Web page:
As state regulators consider how utilities generate electricity in the future, they should assume a much higher social cost of emitting carbon dioxide than is used today, Xcel Energy and a coalition of clean energy and health advocates argued Friday.
The Minnesota Public Utilities Commission is expected to decide next week whether the state should adopt the federal social cost of carbon, which ranges from $12 to $62 per metric ton for the year 2020. And even those values may be too low, said Kevin Lee, an attorney for a group of health professionals.
“The one thing that we do know about these cost estimates is that they are almost certainly an underestimate of the real health impacts of climate change,” Lee said, noting that climate change exacerbates conditions like heart disease and respiratory illness and has aided the spread of Lyme disease and Zika virus.
An attorney for Great River Energy, Otter Tail Power and Minnesota Power — utilities that are more coal dependent — argued the social cost of carbon for Minnesota should be lower than the range proposed.
The PUC “should not aim on the high side without understanding the consequences” for utilities and their customers, attorney Andrew Brown said.
The state began requiring utilities and regulators to factor in the environmental and health costs of pollutants when making decisions about electricity generation back in the 1990s. The case over whether Minnesota should update the values began several years ago, when environmental groups argued the Public Utilities Commission was using outdated figures.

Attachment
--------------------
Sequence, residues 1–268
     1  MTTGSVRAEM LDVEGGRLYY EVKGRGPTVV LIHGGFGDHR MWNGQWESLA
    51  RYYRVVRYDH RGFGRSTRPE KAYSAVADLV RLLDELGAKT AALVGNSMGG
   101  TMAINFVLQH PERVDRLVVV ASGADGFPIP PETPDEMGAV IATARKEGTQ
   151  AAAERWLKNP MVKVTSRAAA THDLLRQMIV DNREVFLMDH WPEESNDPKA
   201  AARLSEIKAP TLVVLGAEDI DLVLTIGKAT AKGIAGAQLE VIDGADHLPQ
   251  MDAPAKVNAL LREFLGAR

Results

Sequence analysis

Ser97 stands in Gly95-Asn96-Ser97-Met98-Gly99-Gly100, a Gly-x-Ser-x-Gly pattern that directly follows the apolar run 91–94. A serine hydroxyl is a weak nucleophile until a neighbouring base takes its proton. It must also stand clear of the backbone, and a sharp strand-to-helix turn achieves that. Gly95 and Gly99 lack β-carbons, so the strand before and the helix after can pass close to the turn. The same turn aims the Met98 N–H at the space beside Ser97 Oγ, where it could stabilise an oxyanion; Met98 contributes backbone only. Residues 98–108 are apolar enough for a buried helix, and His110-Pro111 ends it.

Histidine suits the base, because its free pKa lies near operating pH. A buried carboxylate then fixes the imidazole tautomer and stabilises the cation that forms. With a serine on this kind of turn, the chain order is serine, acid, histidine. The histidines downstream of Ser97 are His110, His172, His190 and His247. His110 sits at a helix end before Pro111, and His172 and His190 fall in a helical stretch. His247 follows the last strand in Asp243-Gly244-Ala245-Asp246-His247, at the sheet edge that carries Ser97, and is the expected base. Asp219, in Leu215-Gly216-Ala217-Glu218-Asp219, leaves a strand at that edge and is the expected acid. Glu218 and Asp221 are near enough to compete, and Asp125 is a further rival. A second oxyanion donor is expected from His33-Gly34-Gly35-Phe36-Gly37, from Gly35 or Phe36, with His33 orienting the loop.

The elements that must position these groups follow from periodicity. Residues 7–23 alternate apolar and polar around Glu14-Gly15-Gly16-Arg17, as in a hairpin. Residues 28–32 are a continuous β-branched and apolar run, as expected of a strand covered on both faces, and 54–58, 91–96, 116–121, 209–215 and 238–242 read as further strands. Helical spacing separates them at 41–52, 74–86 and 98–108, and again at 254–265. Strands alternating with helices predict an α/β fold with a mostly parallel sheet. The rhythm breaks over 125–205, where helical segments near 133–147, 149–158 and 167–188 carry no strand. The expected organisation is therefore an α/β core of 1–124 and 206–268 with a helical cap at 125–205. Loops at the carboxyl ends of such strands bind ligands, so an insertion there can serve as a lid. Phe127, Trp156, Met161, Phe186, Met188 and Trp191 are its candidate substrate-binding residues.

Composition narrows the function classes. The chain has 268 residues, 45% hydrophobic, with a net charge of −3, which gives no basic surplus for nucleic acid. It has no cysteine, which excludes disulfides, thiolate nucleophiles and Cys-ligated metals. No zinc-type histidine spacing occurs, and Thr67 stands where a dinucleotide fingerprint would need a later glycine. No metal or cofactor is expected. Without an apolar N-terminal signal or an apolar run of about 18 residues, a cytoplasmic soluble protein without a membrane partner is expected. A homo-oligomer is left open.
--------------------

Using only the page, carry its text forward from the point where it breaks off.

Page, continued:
A lot has changed in those years. Peabody Energy, a coal company, had intervened in the case and argued that Minnesota would benefit from climate change. On Friday, Peabody was a no-show at the hearing, having recently emerged from Chapter 11 bankruptcy. And Xcel Energy has further distanced itself from other utilities in the state, putting forth plans to reduce carbon emissions 60 percent by 2030. Nicholas Martin, who represented Xcel at the hearing, said the utility expects even more aggressive reductions in its next round of planning.
“We think bold action is needed, and we’re taking bold action to reduce carbon emissions,” Martin said, urging the PUC not to delay a decision.
He said the decision would give utilities certainty as they plan for the future “and allow us to all go about the business of reducing carbon emissions aggressively and affordably.”
Attorneys representing the largest energy users, such as manufacturing facilities, rejected the models used to calculate the federal social cost of carbon as too speculative. They also questioned the logic of forcing Minnesotans to pay for carbon emissions when much of the rest of the world is not held to the same standard.
“It is not reasonable, we submit, to charge Minnesotans with worldwide costs,” said Marc Al, an attorney for the industrial customers.
But Leigh Currie, an attorney for the Minnesota Center for Environmental Advocacy, said the economics of renewable energy have changed dramatically, meaning there will be more instances in the future where renewable energy beats fossil fuel forms of electricity generation on cost even without accounting for the societal costs of pollution.
“Whether the social cost of carbon is the best available measure,” she said, “and whether it’s reasonable, is unequivocally yes.”